Increase Productivity and Tool Life with Thread Milling

Because of greater productivity and cost savings, thread milling offers advantages to moldmakers and should be considered as an alternative to tapping.


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Thread milling is one of the fastest growing technologies in the metalcutting industry because of its superior productivity and cost savings potential. But thread milling also offers advantages to the mold industry, such as its ability to reliably make precision holes, even in hardened materials.


In the past, a threaded hole would be tapped before hardening. Using thread milling for parts in their hardened stage produces precision threads with more accurate thread location. When using a mold, a hole must be drilled and then tapped. When the mold is heat treated, the tapped hole can move slightly, affecting the accuracy. When thread milling hard material, the hole is already in the mold, so it is possible to achieve a perfect hole with perfect dimensional accuracy.

Sometimes a moldmaker receives material that has already hardened, making it very difficult to tap. In this situation, the mold would be drilled, followed by forming the thread with a thread mill. Problems often arise, because tapping can cause stress that can crack the material, or the tap can break in the mold. The tap must be removed, which is a costly operation. On the other hand, when a thread mill breaks it takes about five to 10 minutes to replace.

For example, a 0.005-inch oversize tap might be used to compensate for the expected shifting that occurs in the mold after the hardening process. In some cases, the tap would have to go through the hole again to clean the thread after the hardening process. When using thread milling, mold material is received in the hardened state, while tapping puts much more stress on the cut.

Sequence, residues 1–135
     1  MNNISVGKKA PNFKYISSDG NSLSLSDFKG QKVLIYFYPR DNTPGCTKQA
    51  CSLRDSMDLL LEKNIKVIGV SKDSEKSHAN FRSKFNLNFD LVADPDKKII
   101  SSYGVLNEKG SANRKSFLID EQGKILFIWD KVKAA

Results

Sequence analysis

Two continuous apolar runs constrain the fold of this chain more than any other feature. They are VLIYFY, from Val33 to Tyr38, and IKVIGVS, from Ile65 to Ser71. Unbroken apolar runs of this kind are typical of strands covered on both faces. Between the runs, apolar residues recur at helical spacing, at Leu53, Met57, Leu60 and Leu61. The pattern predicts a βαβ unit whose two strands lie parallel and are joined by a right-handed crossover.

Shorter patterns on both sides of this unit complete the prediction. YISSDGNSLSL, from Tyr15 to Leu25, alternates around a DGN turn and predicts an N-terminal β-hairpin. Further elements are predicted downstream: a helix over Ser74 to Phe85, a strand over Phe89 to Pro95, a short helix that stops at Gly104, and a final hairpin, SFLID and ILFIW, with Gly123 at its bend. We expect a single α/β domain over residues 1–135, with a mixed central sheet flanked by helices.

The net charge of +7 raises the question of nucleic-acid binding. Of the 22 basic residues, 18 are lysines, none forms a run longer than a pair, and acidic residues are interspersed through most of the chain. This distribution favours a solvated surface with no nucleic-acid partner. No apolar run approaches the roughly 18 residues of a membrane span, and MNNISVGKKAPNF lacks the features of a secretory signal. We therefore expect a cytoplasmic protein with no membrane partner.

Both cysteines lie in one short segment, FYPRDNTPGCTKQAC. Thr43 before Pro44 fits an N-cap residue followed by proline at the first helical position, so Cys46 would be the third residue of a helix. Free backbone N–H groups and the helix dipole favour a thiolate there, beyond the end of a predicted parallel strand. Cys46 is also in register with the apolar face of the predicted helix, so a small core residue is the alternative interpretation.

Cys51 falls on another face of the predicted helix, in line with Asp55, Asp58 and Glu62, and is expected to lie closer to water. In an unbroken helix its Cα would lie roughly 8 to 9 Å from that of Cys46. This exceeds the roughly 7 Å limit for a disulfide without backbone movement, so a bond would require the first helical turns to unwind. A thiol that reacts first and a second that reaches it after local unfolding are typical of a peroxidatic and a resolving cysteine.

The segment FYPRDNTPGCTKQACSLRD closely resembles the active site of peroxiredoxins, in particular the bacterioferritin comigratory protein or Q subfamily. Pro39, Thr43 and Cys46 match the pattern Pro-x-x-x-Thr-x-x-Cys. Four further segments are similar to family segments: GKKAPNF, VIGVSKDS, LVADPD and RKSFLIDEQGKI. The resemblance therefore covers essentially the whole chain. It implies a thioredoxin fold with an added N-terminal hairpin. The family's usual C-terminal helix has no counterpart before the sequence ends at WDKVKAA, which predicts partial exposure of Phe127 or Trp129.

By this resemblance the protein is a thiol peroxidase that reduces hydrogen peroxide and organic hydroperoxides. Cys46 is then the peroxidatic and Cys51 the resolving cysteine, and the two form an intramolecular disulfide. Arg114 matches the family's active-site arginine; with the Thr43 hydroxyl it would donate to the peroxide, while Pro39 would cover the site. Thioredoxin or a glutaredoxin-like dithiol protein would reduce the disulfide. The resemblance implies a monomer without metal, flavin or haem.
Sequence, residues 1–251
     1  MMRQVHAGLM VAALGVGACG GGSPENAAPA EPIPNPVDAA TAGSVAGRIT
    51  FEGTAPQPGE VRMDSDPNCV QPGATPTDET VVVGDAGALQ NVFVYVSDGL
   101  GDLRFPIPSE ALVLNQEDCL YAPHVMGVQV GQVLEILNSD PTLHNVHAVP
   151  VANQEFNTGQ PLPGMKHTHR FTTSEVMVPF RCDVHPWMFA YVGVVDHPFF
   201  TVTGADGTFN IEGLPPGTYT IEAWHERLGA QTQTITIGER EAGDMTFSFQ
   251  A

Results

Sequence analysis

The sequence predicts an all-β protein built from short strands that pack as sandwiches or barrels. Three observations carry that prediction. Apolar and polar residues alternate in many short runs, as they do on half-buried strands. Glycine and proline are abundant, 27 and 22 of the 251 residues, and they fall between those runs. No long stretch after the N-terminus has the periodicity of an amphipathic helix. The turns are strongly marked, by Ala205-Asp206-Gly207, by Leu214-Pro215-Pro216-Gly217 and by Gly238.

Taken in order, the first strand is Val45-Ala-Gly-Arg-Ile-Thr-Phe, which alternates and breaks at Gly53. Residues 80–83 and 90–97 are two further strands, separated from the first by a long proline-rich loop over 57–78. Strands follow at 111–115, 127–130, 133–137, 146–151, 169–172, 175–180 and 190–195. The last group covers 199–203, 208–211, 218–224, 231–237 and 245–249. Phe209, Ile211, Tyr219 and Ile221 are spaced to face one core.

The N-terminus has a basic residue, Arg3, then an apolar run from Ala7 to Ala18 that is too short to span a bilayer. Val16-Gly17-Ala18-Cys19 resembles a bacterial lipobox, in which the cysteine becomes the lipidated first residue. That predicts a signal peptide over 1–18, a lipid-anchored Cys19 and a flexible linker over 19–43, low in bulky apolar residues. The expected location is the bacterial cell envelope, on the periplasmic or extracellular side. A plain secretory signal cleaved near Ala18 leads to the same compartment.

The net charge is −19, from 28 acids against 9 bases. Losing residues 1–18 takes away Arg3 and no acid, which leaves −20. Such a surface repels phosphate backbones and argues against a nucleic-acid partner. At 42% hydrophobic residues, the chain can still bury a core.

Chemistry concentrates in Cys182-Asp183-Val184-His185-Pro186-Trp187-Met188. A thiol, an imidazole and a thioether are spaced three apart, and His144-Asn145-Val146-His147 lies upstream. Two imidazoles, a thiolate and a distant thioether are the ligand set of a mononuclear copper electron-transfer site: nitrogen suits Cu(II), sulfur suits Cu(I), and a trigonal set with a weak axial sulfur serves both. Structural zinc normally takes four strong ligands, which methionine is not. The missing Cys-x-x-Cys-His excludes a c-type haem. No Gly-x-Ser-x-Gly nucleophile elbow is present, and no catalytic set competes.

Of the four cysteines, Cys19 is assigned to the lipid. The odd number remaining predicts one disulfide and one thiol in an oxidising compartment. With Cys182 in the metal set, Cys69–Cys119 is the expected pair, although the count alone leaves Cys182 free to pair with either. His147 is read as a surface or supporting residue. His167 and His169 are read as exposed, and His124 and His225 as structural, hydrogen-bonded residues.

Making tapered threads (NPT or NPTF) for sealing is a common practice in the mold industry. Tapping tends to tear threads and taps break more easily because of the tapered hole. Thread milling makes a high-quality, precision-tapered thread that, in some cases, creates a seal so that pipe sealant or Teflon tape is not needed for thread connection. Another advantage to using a thread mill to make tapered threads is the ability to repeatedly achieve the same start point for the thread, so that connection tees that fit into threaded holes always repeat to the same location.

Longevity and Reliability

Thread mills offer excellent longevity and reliability. Thread milling can potentially offer a 500-percent increase in tool life over tapping. Typically, when forming an NPT tapered thread, a hole must be pre-formed using a taper reamer, followed with a taper tap to form the required thread. This is a difficult and slow process compared to thread milling, where the hole and the thread are formed in just one operation. Thread milling provides the moldmaker complete control over quality threads with a reliable process.